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Why wont she retrieve...is she just lazy?

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#1 jay and maegan

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Posted 19 September 2006 - 08:34 AM

Does anybody have any advice on how to get our border collie to return the ball! She is a year and a half, and we have tried everything to get her to retrieve. She's very good at going to the ball, but she'll just carry it a few feet and then drop it. At first I thought that it was the cow dog in her. Her parents are great hearders. I figured that maybe she was "showing" us where the ball was. As if she was showing us where the calf had strayed from the heard. I recently read; however, that border collies have a natural tendancy to retrieve...any suggestions as to how to get her to stop showing us where the ball is and bring it back to us.

#2 Allie Oop

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Posted 19 September 2006 - 11:34 AM

There are 7 different BC or BC mix dogs that regularly play with my BC, Allie, at the local dog park. Of the 7, only 2 are very intense ball/frisbee pups. 3 of the dogs will play fetch for a while, but lose interest and 2 do NOT play fetch at all. Moral of the story -- it depends on the dog.

It also may be that she just doesn't understand what you want her to do with it. :confused: Allie wasn't all that thrilled about playing fetch when we first got her, but we would throw the ball, she would chase it and then we would cheer and praise her for picking it up. The bringing-it-to-us part took longer. She would pick the ball up and then bring it to a certain point and then drop it, no major how we cajoled and plead. (Treats for bringing it all the way to us and "drop it" eventually worked.) We also switched to a frisbee, which for some reason she enjoyed more and would work harder to play with. She now is an absolute ball and frisbee "fiend".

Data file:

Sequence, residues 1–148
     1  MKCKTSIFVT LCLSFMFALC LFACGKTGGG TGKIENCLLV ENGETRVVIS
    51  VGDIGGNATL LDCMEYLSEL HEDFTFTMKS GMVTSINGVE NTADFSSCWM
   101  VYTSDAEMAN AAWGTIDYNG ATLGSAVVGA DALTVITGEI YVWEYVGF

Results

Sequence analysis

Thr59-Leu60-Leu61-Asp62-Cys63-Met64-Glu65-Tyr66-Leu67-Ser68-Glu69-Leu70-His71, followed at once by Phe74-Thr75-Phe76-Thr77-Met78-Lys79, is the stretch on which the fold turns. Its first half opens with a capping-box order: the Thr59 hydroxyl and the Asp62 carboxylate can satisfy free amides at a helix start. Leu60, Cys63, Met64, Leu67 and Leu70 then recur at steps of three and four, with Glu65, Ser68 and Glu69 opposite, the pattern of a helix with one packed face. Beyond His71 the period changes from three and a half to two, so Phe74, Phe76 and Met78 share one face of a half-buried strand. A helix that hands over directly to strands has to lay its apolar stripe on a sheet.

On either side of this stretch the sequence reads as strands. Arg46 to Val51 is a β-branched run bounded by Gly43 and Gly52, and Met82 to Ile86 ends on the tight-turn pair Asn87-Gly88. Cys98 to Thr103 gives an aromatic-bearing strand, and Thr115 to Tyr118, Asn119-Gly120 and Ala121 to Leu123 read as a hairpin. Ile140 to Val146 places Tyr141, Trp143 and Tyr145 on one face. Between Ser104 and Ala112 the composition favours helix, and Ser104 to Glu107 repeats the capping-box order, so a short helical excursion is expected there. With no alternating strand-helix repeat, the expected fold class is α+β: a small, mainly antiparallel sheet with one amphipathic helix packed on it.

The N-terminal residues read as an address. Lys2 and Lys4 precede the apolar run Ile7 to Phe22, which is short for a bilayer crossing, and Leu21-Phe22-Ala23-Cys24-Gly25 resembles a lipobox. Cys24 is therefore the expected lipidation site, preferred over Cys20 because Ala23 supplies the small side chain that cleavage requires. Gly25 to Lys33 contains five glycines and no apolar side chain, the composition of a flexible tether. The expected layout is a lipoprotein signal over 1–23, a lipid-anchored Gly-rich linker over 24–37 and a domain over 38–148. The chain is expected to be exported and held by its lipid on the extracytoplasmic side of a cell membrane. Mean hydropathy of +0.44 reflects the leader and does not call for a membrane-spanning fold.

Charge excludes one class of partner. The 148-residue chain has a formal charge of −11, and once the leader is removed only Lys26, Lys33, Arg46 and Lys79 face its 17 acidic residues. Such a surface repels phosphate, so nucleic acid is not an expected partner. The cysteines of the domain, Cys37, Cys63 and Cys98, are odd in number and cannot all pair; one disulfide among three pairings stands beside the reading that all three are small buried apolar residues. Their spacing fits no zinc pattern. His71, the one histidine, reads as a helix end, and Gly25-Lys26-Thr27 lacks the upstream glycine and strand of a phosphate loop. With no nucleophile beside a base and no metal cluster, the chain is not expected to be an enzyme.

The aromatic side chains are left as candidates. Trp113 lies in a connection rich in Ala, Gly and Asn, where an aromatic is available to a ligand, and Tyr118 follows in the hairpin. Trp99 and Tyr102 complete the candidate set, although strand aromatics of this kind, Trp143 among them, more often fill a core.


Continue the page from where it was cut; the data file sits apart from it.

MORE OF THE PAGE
So, be careful what you wish for . . . :rolleyes:
Deb, Allie & Rusty

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#3 Ladybug1



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Posted 20 September 2006 - 03:59 PM

Be careful never go and get the ball if the dog fails to bring it to you.

Tobys will drop the chuck it at my feet until I throw the ball for him.

#4 Pat W.

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Posted 21 September 2006 - 02:59 AM

I suggest starting over by throwing the ball maybe a couple of feet away from you. When your girl brings the ball to you lots of praise and treats. Gradually increase the distance you throw until you see the light go on..and you will. I agree with Deb that it sound like she just doesn't know what you want her to do with the ball once she has it. I would also give the command "Bring it" or whatever you want to use so she connects the job to the command
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#5 Meg's mum

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Posted 22 September 2006 - 07:40 AM

Here's what I'm working on just now,
Meg was a born retriever, but she was wacky when it came to delivering the ball precisely where I wanted it. It has taken six months to finally get her to drop the ball where we want it generally.

Lots of praise if she EVER does it right and
getting up and going away when she stops doing it right are the basics.

I've worked her continuously at different distances and then mixed them up. If I want her close I say 'wait' before she starts her drive out to the anticipated target area.

I use the command 'give' and the signal for touch to get her to return it to my hand but she will only do this if I am crouched. I work this skill along with 'Take it' at about a foot away before dinner every night.

When I stand I say "Bring it here" and she drops it near my feet. If she doesn't I say "No", and she tosses it to me with a little flick. Sometimes she calculates the velocity she's going and gambles on a running roll so that she can peal out before she gets to me, and sometimes she doesn't and has to stop herself paws up to my chest. 'Thunk'.

Training her to return the chuck it ball closer than 6' away was a challenge until I realized that the straw broom technique might work. Meg is so fixated on sweeping that I use it to recall her when she's being stubborn. So I started scraping the ground where I wanted the ball with the chuck it and lo and behold. High velocity dog returns ball exactly on the mark softly.

The point of all this is to work close, be as consistent as you can, use praise and correction. It can be very frustrating.....
Heidi Draffin,
Meg the indomitable BC, Sox the magnificent cat, and Dave aka VDH

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